The question behind this is to ask what it means to say, as Roger Brown argues, that education is an 'experience good'. The gap between the availability and immediacy of experience manifests in a gap between formal Higher education and informal technologically-mediated learning. Judgements may be quick with technology, but form slowly in education: after the boring lecture we may determine perhaps many years later that it was in fact brilliant. The experiences of caring, or being cared for, of being nurtured, all of which are fundamental to educational processes are largely excluded in the simple messianic championing of new technologies of communication as a solution to educational problems. At the same time, the worth and value of institutional learning has become reduced to simplistic metrics of codified expectations which one would associate with the washing machine.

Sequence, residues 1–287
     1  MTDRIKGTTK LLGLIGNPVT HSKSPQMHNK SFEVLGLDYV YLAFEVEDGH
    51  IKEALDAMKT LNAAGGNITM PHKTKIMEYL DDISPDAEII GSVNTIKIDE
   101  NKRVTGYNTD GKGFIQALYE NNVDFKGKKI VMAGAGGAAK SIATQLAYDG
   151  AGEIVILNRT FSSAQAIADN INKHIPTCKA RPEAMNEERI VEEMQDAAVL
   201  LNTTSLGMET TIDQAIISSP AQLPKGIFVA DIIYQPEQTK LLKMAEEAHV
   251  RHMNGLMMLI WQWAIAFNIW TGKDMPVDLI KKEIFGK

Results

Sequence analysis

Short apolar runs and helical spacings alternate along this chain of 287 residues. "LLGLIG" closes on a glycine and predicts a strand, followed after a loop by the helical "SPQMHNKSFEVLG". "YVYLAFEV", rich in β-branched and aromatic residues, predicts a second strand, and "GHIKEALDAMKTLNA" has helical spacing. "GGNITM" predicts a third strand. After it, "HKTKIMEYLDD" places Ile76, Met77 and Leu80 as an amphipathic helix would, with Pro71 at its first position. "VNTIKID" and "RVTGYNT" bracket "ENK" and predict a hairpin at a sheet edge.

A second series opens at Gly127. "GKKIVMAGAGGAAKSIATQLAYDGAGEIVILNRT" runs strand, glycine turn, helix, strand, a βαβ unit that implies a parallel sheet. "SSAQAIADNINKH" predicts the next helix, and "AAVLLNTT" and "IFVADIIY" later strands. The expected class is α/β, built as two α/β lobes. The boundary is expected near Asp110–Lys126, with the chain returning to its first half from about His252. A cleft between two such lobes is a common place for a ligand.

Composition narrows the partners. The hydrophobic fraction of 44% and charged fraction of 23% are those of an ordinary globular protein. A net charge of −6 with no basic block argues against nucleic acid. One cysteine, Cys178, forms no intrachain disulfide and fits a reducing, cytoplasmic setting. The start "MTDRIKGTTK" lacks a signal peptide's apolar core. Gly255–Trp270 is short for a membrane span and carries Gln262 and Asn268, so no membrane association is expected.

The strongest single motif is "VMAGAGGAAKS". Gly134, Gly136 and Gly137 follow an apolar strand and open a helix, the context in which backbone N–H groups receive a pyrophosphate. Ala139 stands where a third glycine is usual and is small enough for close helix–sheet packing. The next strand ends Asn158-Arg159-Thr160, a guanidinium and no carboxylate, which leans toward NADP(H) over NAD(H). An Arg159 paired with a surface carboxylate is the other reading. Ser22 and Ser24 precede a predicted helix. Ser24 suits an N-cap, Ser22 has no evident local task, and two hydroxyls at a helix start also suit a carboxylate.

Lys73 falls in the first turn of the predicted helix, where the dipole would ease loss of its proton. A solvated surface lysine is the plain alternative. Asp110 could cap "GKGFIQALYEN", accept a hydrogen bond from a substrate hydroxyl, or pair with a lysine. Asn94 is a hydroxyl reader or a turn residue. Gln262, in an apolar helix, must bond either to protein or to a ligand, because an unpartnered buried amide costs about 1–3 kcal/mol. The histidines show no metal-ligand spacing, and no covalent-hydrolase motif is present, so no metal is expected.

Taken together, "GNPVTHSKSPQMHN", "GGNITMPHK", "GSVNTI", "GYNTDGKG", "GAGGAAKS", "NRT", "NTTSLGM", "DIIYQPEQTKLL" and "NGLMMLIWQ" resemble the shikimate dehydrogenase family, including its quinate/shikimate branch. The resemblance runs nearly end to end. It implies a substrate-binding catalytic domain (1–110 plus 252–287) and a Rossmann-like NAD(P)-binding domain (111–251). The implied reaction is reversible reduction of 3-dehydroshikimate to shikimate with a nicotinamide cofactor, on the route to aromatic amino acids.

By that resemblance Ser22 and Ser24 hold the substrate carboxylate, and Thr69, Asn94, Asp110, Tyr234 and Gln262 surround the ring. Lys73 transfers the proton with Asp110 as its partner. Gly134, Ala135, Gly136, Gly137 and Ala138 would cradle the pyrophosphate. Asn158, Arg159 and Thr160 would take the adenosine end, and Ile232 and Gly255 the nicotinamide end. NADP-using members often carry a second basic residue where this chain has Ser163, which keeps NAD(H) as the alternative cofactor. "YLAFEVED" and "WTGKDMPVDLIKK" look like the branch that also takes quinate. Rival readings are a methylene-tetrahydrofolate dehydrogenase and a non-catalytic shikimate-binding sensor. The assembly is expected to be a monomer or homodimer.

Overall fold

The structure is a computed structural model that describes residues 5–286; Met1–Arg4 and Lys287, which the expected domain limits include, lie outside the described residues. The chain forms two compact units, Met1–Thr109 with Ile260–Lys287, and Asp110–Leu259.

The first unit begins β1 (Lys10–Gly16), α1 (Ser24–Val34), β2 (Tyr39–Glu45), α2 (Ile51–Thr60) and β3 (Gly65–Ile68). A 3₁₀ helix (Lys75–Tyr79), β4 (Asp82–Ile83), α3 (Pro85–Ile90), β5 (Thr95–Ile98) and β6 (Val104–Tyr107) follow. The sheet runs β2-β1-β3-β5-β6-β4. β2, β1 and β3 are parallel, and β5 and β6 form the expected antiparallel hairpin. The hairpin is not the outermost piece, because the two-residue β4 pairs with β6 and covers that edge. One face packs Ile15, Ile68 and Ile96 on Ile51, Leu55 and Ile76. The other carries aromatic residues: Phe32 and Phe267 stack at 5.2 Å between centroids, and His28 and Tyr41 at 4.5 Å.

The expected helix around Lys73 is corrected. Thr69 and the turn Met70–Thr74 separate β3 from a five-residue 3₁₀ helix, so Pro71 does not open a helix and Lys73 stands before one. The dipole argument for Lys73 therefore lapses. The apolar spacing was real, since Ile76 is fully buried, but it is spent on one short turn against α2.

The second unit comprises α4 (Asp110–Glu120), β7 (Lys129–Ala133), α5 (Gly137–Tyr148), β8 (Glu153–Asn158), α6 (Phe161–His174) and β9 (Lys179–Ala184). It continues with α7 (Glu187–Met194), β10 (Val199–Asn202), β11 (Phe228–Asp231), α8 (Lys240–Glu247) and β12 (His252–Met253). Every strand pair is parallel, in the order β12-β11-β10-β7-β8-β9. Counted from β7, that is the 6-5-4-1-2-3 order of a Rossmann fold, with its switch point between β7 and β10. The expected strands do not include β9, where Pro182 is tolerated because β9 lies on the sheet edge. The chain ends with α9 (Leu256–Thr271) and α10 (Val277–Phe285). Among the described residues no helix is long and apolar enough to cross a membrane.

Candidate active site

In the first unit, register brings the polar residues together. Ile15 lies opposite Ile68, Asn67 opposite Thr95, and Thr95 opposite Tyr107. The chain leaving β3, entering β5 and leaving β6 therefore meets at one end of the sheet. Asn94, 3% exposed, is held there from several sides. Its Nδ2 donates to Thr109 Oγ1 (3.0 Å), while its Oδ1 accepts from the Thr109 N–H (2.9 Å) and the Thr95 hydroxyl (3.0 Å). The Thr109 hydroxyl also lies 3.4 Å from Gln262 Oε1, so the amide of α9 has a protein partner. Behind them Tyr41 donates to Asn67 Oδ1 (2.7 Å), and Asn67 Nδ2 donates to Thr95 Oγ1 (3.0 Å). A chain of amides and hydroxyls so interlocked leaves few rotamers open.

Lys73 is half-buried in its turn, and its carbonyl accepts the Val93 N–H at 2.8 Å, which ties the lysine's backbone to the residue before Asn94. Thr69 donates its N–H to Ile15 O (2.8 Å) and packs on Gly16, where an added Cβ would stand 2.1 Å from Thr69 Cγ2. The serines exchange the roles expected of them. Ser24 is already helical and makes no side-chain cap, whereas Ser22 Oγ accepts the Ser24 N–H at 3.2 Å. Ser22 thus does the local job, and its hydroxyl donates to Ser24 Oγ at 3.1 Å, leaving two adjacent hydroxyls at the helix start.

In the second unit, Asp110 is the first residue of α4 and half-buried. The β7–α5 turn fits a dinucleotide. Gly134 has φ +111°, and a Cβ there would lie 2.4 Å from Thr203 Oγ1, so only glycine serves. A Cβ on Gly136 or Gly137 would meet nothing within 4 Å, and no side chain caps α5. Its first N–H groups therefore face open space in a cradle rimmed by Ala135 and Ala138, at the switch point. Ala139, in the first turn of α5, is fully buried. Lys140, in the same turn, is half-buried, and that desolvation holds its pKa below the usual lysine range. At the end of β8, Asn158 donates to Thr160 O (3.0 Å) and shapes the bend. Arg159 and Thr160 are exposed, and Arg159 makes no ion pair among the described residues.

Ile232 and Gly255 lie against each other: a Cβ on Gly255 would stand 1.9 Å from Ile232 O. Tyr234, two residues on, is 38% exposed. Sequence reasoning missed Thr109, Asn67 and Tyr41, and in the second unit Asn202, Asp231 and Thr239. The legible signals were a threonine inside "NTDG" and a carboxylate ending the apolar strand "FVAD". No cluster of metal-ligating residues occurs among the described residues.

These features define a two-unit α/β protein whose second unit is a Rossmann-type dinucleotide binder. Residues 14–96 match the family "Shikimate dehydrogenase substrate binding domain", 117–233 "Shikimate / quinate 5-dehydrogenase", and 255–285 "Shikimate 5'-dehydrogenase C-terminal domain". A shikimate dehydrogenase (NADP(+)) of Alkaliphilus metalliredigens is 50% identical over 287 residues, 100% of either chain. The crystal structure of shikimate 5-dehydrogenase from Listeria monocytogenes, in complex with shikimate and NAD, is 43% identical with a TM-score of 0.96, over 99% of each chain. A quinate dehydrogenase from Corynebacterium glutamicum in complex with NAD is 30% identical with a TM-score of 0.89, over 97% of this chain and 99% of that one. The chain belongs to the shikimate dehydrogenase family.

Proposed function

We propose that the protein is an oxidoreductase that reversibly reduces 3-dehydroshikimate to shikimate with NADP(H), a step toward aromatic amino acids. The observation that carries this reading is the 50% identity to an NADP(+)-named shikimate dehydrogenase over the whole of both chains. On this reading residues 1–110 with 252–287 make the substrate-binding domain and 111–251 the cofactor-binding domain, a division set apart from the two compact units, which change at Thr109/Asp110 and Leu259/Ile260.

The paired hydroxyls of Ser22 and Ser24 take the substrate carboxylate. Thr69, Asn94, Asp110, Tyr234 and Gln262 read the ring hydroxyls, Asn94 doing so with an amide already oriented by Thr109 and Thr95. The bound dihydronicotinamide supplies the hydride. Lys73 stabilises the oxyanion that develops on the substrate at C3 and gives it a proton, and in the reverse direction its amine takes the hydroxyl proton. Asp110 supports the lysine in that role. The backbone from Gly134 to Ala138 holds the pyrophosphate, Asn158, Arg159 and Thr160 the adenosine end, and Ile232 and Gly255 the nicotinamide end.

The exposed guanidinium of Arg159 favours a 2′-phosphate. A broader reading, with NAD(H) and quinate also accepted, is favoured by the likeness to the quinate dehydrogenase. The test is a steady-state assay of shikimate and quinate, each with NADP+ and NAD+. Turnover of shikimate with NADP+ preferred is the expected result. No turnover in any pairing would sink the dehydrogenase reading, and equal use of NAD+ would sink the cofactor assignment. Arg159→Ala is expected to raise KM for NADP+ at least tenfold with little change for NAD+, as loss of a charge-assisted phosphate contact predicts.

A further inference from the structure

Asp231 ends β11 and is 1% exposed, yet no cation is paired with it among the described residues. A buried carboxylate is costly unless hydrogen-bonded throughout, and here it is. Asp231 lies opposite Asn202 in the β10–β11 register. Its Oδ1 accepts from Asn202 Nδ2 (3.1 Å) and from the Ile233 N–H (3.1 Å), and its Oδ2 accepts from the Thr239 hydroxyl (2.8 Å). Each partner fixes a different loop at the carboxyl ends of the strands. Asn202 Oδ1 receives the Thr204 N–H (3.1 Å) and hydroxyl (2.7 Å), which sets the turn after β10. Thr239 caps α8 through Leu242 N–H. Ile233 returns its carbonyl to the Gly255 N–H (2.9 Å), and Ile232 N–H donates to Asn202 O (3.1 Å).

The other side of the technological effect on education has been an increasing desire to codify expectations of the functionality of education, thus rendering education as a technology whose functionality may be compared and rational decisions made in the same way that cars or computers may be evaluated. Ironically, the remaking of the institution-as-technology has been driven by technologically-mediated bureaucratic processes and managerial structures which have grounded themselves in methodologies which attempt (or claim) to articulate the experience of education. As Brown points out, quantifying and explaining the value of the experience of higher education has acquired an economic imperative. Institutional learning has become more, not less, popular despite rising fees. Universities will attribute this to their investment in the “student experience” and a greater emphasis on teaching. So what is this "student experience"? Is it an immediate judgement in response to a survey question? Its immediacy means that it cannot capture the 25-year-later re-evaluation. Does it consider the availability of alternative experiences in the way that we might consider different washing machines? Whilst it cannot do this, results from 'experience surveys' produce data from which such comparisons are made - indeed this is why the surveys are conducted, and yet there is no critique of the commensurability of one person's experience with another. The overall effect is to reify judgements grounded in ‘evidence’ upon which policies – either local or national can be formulated. However, "evidence-based policy" is in practice "policy-based evidence". The determination of questions, indeed the methodology of asking and aggregating answers to questions, already carries with it a plan of policy implementation. Whilst characterised as an investigation into the ‘student experience’, nothing new is learnt about experiences, save what can be actioned in a policy agenda which has predetermined triggers established within the measurement methodology.